The man who every Cardinals fan has a strong opinion on: Dexter Fowler. Whether their sentiments towards the outfielder are positive or negative, or rooted in truth or hearsay, they stand firmly by it. The case of Dexter Fowler:
Fowler would probably like to use a mulligan on his 2018 campaign. It certainly was a rough season for the veteran outfielder. He compiled a slash line of .180/.278/.298 to go along with an fWAR of -1.2. Defensively, he had -5 defensive runs saved and an ultimate zone rating of -5.2, in 649 innings patrolling right field. He is entering the third season of his five-year, $82.5 million contract, the richest free-agent contract in Cardinals history. Is all hope lost for the 32-year old?
There is reason for optimism as it pertains to Fowler having a bounce back year. His numbers were the worst of his career in 2018, but the blame does not all fall on his shoulders. He was extremely unlucky last season, hitting .210 on balls put in play (BABIP). The MLB league average BABIP is .300, which goes to show just how much his production was hindered by an uncontrollable, luck-based, factor. As for his defense, like any player entering their mid thirties, there is definitely some regression. Even with his defensive abilities degrading slightly, he still provides decent range in the outfield.
Additionally, Fowler has something else he didn’t have last season: full backing by the coaching staff and front office. Last year there were multiple incidents with the team that created some drama. Mark Saxon of The Athletic reported in early July that Fowler’s relationship with then Cardinals manager Mike Matheny was reportedly fractured. He added that the two barely talked and they haven’t communicated for months. Fowler also reportedly blocked the daily motivational texts that Matheny sent out to the players.
Another log was tossed into the fire when Cardinals President of Baseball Operations John Mozeliak publicly criticized Fowler’s effort, saying, “But I’ve also had a lot of people come up to me and question [Fowler’s] effort and his energy level. You know, those are things that I can’t defend.” Fowler responded saying, Everybody is entitled to their opinions. He told me it wasn’t directed towards me, but obviously my name was in it. If your name is in it, it’s kinda towards you, whether it’s rescinded or not. I want to win more than anybody. I want to get the chance to help win.”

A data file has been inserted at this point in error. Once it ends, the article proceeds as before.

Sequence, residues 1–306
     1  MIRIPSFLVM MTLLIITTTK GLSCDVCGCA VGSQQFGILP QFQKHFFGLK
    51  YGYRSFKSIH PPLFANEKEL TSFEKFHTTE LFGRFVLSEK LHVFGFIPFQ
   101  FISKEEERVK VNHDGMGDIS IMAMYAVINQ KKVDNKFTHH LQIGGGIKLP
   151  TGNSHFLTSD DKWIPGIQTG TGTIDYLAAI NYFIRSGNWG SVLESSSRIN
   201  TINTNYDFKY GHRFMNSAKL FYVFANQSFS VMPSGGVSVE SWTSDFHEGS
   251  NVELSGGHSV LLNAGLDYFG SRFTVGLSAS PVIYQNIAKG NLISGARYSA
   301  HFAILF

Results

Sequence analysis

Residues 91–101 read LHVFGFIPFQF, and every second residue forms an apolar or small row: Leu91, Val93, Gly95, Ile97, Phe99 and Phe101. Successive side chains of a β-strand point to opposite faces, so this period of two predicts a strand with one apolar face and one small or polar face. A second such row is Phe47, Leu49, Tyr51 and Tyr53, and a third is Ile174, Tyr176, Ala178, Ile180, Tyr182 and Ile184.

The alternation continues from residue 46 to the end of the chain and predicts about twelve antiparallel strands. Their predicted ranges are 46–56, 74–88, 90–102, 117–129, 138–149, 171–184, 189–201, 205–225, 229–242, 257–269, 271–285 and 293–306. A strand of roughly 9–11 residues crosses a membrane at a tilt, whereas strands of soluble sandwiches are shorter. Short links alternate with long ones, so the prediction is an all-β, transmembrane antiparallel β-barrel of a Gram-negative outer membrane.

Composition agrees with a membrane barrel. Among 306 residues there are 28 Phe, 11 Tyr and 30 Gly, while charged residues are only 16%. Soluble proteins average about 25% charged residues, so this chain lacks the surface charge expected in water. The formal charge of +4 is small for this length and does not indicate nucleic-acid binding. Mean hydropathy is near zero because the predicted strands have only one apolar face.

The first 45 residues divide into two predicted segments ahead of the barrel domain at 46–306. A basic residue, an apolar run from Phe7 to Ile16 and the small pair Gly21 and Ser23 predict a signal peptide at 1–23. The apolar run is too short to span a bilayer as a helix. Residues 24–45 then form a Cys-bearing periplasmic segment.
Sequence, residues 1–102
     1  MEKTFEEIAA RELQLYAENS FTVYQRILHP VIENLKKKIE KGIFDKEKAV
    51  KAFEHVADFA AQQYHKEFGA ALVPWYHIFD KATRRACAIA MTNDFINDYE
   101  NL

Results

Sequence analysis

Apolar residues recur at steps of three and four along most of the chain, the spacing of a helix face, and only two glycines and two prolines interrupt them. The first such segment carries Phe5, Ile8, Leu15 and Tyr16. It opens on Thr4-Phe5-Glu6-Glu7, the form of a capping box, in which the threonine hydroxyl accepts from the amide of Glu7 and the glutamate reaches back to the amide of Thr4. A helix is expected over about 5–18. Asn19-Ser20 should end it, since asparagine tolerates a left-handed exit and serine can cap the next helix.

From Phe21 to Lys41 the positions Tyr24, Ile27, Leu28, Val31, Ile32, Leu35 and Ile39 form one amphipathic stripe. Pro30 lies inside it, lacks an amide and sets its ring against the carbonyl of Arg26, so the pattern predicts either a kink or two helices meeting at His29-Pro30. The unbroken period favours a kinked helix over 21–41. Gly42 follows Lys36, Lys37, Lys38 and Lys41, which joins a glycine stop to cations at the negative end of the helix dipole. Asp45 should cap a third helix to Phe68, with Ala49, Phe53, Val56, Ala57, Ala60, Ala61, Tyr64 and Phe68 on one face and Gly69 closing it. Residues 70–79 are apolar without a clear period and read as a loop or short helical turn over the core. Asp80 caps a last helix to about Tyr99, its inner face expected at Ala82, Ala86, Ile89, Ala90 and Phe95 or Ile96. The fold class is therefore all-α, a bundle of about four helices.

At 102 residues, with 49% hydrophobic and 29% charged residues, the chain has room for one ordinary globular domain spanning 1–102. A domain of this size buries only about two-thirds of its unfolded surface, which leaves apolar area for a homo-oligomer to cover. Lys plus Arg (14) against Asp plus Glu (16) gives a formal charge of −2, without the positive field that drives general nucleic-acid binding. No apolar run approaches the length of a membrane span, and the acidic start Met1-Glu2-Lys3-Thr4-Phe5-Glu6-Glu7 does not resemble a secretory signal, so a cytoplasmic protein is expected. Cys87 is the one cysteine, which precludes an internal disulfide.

Fowler and his family also received so much negativity on social media that he and his, then pregnant, wife Aliya Fowler deleted all the tweets off of their Twitter accounts.
The 2019 season gives Fowler a fresh start. Shildt coming in for Matheny has made a noticeable difference. Shildt is a players’ coach; Matheny, not so much. Entering his first full season as the Cardinals’ skipper, Shildt has made it clear he is fully supportive of Fowler, and plans to give him consistent playing time. As for John Mozeliak and Fowler’s relationship, that seems to be patched up as well.
Fowler’s spring could look like it’s not going well if you just take a quick peek at the stats, as he is slashing .194/.237/.222, however it’s going just fine. According to Derrick Goold’s Cardinals Chat, the right fielder’s average exit velocity this spring on hard-hit balls is above his single most hard hit ball from a season ago. He also added, Fowler’s numbers are low because he is swinging a lot to show that he has the bat speed and the health that the Cardinals wondered about. For the fans worrying about his range in the outfield, per Goold, he’s moving better in right than he was at any point last season. When Derrick Goold spoke with a scout, he shared the same sentiments, saying how much livelier Fowler’s movements in the field and running look compared to 2018.
The Cardinals aren’t just hoping that Fowler will have a bounce back campaign in 2019, they have the evidence to back it up.